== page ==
Remote sensing and airborne geophysics in the assessment of natural aggregate resources

Open-File Report 94-158

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Natural aggregate made from crushed stone and deposits of sand and gravel is a vital element of the construction industry in the United States. Although natural aggregate is a high volume/low value commodity that is relatively abundant, new sources of aggregate are becoming increasingly difficult to find and develop because of rigid industry specifications, political considerations, development and transporation costs, and environmental concerns, especially in urban growth centers where much of the aggregate is used. As the demand for natural aggregate increases in response to urban growth and the repair and expansion of the national infrastructure, new sources of natural aggregate will be required. The USGS has recognized the necessity of developing the capability to assess the potential for natural aggregate sources on Federal lands; at present, no methodology exists for systematically describing and evaluating potential sources of natural aggregate. Because remote sensing and airborne geophysics can detect surface and nearsurface phenomena, these tools may useful for detecting and mapping potential sources of natural aggregate; however, before a methodology for applying these tools can be developed, it is necessary to understand the type, distribution, physical properties, and characteristics of natural aggregate deposits, as well as the problems that will be encountered in assessing their potential value. There are two primary sources of natural aggregate: (1) exposed or near-surface igneous, metamorphic, and sedimentary bedrock that can be crushed, and (2) deposits of sand and gravel that may be used directly or crushed and sized to meet specifications. In any particular area, the availability of bedrock suitable for crushing is a function of the geologic history of the area - the processes that formed, deformed, eroded and exposed the bedrock. Deposits of sand and gravel are primarily surficial deposits formed by the erosion, transportation by water and ice, and deposition of bedrock fragments. Consequently, most sand and gravel deposits are Tertiary or Quaternary in age and are most common in glaciated areas, alluvial basins, and along rivers and streams. The distribution of potential sources of natural aggregate in the United States is closely tied to physiography and the type of bedrock that occurs in an area. Using these criteria, the United States can be divided into 12 regions: western mountain ranges, alluvial basins, Columbia Plateau, Colorado Plateau and Wyoming basin, High Plains, nonglaciated central region, glaciated central region, Piedmont Blue Ridge region, glaciated northeastern and Superior uplands, Atlantic and Gulf coastal plain, Hawaiian Islands, and Alaska. Each region has similar types of natural aggregate sources within its boundary, although there may be wide variations in specific physical and chemical characteristics of the aggregates within a region. Conventional exploration for natural aggregate deposits has been largely a ground-based operation (field mapping, sampling, trenching and augering, resistivity), although aerial photos and topographic maps have been extensively used to target possible deposits for sampling and testing. Today, the exploration process also considers other factors such as the availability of the land, space and water supply for processing purposes, political and environmental factors, and distance from the market; exploration and planning cannot be separated. There are many physical properties and characteristics by which aggregate material is judged to be acceptable or unacceptable for specific applications; most of these properties and characteristics pertain only to individual aggregate particles and not to the bulk deposit. For example, properties of crushed stone aggregate particles such as thermal volume change, solubility, oxidation and hydration reactivity, and particle strength, among many others, are important consi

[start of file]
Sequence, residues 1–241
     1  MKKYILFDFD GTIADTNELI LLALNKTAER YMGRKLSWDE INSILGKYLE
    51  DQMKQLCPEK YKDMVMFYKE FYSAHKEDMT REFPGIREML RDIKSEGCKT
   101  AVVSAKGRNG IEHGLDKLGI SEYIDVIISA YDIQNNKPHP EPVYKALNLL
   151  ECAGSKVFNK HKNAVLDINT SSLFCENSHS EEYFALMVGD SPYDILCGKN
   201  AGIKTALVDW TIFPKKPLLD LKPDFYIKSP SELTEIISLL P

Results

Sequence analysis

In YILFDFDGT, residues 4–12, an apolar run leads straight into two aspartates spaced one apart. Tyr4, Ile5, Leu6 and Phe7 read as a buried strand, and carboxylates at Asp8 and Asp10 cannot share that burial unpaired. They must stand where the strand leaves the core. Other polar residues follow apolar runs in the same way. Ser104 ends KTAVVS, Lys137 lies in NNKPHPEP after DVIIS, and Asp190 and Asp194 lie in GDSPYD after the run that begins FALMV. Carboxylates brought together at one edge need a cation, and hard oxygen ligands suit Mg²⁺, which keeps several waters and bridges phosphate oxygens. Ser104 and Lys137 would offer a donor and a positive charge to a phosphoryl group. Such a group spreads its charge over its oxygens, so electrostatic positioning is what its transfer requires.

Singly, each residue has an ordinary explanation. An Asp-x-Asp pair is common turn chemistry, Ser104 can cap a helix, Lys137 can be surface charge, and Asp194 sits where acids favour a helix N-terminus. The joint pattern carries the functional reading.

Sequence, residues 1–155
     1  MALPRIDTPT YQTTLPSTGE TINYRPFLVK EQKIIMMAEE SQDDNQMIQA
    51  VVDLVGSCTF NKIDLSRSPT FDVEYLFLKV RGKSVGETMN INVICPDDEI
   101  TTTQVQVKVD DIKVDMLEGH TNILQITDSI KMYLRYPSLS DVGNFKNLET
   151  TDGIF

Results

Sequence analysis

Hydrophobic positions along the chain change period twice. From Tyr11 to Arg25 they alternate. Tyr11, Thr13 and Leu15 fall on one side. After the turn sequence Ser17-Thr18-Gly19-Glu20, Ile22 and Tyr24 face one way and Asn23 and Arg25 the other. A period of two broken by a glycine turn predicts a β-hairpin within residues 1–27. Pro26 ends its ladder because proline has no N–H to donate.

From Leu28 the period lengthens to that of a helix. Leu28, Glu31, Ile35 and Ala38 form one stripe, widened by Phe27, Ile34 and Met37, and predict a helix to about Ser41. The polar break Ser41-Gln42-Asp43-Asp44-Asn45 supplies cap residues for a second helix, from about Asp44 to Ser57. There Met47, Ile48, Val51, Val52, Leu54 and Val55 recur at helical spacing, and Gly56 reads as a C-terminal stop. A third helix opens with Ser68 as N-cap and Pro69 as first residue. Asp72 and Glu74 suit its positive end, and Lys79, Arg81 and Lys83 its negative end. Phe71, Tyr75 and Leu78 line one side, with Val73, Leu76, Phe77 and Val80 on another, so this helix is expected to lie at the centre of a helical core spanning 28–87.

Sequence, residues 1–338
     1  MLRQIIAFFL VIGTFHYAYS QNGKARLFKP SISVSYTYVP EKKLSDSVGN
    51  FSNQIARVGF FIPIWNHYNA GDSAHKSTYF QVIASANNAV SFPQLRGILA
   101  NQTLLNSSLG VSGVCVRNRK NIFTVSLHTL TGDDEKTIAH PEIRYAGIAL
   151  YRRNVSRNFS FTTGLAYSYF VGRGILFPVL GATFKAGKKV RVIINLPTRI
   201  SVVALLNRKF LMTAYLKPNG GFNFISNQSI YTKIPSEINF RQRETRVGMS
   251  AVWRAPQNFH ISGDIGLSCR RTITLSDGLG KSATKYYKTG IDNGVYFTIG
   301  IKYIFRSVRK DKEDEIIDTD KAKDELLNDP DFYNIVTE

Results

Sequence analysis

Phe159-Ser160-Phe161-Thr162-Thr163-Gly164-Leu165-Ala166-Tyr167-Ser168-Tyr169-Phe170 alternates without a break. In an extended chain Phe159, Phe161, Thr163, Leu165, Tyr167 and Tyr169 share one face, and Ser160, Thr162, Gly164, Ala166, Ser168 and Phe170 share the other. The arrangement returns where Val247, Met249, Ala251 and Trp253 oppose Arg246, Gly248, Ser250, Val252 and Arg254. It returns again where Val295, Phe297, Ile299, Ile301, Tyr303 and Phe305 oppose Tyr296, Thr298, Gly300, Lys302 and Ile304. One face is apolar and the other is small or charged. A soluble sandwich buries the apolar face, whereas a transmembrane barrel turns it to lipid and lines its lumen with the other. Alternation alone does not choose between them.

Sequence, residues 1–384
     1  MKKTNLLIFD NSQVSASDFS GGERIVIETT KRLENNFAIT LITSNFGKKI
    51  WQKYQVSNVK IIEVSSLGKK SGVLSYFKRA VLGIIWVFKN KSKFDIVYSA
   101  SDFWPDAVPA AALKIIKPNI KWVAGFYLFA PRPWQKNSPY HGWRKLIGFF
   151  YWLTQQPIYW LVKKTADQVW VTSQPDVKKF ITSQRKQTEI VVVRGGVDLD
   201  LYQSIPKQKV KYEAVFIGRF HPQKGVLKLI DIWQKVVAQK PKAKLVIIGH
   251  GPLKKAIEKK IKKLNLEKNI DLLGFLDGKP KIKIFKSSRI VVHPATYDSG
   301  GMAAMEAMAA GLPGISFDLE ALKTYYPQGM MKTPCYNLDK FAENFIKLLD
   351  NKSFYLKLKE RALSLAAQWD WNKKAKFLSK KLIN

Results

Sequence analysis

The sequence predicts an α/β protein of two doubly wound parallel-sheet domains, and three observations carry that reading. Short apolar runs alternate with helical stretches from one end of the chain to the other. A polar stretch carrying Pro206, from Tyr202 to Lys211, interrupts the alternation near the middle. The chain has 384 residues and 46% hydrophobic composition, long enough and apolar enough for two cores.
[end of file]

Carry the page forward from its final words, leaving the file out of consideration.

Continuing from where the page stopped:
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USGS Numbered Series
Remote sensing and airborne geophysics in the assessment of natural aggregate resources
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Open-File Report
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U.S. Geological Survey,
62 p. :ill. ;28 cm.